Melissa Conrad Stöppler, MD
Melissa Conrad Stöppler, MD, is a U.S. board-certified Anatomic Pathologist with subspecialty training in the fields of Experimental and Molecular Pathology. Dr. Stöppler's educational background includes a BA with Highest Distinction from the University of Virginia and an MD from the University of North Carolina. She completed residency training in Anatomic Pathology at Georgetown University followed by subspecialty fellowship training in molecular diagnostics and experimental pathology.
In this Article
- Generalized anxiety disorder facts
- What is anxiety?
- What are the types of anxiety disorders?
- What are anxiety symptoms and signs?
- What is generalized anxiety disorder (GAD)?
- How common is generalized anxiety disorder?
- Are other mental health diagnoses associated with generalized anxiety disorder?
- What are causes and risk factors for generalized anxiety disorder?
- How do health-care professionals diagnose generalized anxiety disorder (GAD)?
- What types of specialists treat generalized anxiety disorder?
- What is the treatment for anxiety?
- What are the side effects of anxiety medications?
- What are complications of generalized anxiety disorder?
- Is it possible to prevent anxiety?
- What is the prognosis of generalized anxiety disorder?
- Are there support groups for those with generalized anxiety disorder?
- Where can people find additional information on generalized anxiety disorder?
- Find a local Psychiatrist in your town
What are the side effects of anxiety medications?
As anything that is ingested carries risk of side effects, it is important for the anxiety disorder sufferer to work closely with the prescribing doctor to decide whether treatment with medications is an appropriate intervention and if so, which medication should be administered. The kinds of side effects caused by a medication are highly specific to the medication itself and each medication class as a whole. The person being treated should therefore discuss potential medications with their treating physician and be closely monitored for the possibility of side effects that can vary from minor to severe and can uncommonly even be life-threatening. Due to the possible risks to the fetus of a mother being treated for anxiety with medication, psychotherapy should be the first treatment tried when possible in pregnant women, and the woman's obstetrician should be consulted. Similarly, women who are trying to become pregnant, or who may become pregnant, should consult with their doctor about what treatment choices are best for them.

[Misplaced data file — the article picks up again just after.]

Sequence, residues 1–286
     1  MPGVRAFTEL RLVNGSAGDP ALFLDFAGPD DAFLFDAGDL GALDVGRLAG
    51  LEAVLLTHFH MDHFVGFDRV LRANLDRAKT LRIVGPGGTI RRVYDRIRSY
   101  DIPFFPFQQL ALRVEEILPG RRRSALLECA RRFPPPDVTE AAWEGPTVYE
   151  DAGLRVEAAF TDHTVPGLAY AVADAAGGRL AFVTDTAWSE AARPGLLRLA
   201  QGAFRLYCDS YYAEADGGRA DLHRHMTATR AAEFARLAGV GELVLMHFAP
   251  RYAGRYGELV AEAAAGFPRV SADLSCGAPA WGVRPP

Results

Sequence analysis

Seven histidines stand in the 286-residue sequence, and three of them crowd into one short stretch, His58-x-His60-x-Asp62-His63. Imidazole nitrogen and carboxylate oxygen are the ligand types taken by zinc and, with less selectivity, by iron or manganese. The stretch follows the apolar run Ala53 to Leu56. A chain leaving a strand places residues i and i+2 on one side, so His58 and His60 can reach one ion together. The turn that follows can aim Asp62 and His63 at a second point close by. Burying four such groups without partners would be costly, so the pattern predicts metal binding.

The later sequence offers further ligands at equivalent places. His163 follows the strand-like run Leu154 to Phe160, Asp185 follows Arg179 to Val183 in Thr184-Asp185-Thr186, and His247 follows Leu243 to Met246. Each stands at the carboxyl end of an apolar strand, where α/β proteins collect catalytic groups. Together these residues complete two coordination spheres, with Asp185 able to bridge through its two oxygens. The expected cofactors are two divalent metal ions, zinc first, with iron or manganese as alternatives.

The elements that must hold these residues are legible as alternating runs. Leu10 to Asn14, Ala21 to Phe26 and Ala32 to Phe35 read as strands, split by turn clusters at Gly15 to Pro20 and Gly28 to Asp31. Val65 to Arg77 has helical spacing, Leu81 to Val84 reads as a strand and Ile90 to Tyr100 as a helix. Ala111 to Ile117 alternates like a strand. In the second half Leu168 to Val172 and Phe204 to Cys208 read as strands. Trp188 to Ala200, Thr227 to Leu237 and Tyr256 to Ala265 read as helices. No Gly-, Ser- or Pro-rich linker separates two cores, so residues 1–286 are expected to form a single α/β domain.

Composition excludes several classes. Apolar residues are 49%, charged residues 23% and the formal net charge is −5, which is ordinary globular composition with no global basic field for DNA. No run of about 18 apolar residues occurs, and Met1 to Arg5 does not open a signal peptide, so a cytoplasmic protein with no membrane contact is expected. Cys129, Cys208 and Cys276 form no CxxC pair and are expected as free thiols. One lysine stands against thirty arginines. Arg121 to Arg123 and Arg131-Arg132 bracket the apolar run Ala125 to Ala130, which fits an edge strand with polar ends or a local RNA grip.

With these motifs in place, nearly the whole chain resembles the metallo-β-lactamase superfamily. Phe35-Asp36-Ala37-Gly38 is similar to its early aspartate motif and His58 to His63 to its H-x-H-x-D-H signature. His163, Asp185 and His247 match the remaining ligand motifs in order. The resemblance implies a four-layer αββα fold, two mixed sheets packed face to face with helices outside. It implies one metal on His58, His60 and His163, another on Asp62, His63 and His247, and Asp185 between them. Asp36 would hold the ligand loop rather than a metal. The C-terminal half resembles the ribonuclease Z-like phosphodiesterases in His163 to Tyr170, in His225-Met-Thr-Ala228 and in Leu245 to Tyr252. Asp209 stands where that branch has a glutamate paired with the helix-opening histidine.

Alternative, natural, and complementary treatments for anxiety
For people who may be wondering how to treat anxiety without prescribed medications, natural remedies may be an option. Alternative and complementary treatment methods such as hypnosis, acupuncture, and herbal supplements (such as kava, valerian, or passionflower) have been found to be helpful for some people with some anxiety disorders, but the research data are still considered to be too limited for many physicians to recommend them. Also, care should be taken when taking any dietary supplements, since dietary supplements and "natural" remedies are not regulated in terms of quality, content, or effectiveness.
Psychotherapy treatments for anxiety